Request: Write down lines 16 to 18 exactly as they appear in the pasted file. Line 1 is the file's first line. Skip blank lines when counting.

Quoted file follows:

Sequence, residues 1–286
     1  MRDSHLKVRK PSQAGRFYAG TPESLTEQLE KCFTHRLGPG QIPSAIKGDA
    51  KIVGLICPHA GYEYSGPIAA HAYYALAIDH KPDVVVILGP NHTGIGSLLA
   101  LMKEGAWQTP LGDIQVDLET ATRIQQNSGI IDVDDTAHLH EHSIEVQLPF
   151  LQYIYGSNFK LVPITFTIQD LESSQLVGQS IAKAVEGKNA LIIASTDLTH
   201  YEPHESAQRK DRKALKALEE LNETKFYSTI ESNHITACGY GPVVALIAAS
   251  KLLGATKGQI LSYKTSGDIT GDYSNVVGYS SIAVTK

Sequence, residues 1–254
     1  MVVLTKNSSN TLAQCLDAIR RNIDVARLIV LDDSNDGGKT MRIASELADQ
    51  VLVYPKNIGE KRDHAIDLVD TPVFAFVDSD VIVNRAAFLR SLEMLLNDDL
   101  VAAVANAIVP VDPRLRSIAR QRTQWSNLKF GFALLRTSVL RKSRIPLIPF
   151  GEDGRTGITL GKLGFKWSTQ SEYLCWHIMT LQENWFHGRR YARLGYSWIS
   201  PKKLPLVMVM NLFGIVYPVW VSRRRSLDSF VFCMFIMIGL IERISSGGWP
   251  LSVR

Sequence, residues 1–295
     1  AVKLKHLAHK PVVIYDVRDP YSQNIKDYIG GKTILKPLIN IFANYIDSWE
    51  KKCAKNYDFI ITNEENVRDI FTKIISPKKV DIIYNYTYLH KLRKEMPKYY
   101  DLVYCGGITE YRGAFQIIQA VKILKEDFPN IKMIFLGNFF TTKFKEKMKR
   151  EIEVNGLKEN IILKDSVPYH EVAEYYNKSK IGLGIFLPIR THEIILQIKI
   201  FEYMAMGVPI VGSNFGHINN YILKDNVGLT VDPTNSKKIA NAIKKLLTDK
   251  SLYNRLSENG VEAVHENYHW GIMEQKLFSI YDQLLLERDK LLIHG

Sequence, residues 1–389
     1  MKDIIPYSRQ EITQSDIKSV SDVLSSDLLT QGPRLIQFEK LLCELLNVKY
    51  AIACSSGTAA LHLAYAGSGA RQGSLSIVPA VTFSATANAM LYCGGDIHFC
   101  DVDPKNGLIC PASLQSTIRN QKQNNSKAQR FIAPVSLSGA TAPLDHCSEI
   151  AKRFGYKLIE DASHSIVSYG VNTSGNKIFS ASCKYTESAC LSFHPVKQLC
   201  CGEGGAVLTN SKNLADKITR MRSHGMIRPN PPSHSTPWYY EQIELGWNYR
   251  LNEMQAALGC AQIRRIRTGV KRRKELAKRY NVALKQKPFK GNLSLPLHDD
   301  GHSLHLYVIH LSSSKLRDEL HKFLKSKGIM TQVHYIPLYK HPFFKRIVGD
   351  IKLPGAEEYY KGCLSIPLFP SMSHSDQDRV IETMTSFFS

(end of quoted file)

     1  AVKLKHLAHK PVVIYDVRDP YSQNIKDYIG GKTILKPLIN IFANYIDSWE
    51  KKCAKNYDFI ITNEENVRDI FTKIISPKKV DIIYNYTYLH KLRKEMPKYY
   101  DLVYCGGITE YRGAFQIIQA VKILKEDFPN IKMIFLGNFF TTKFKEKMKR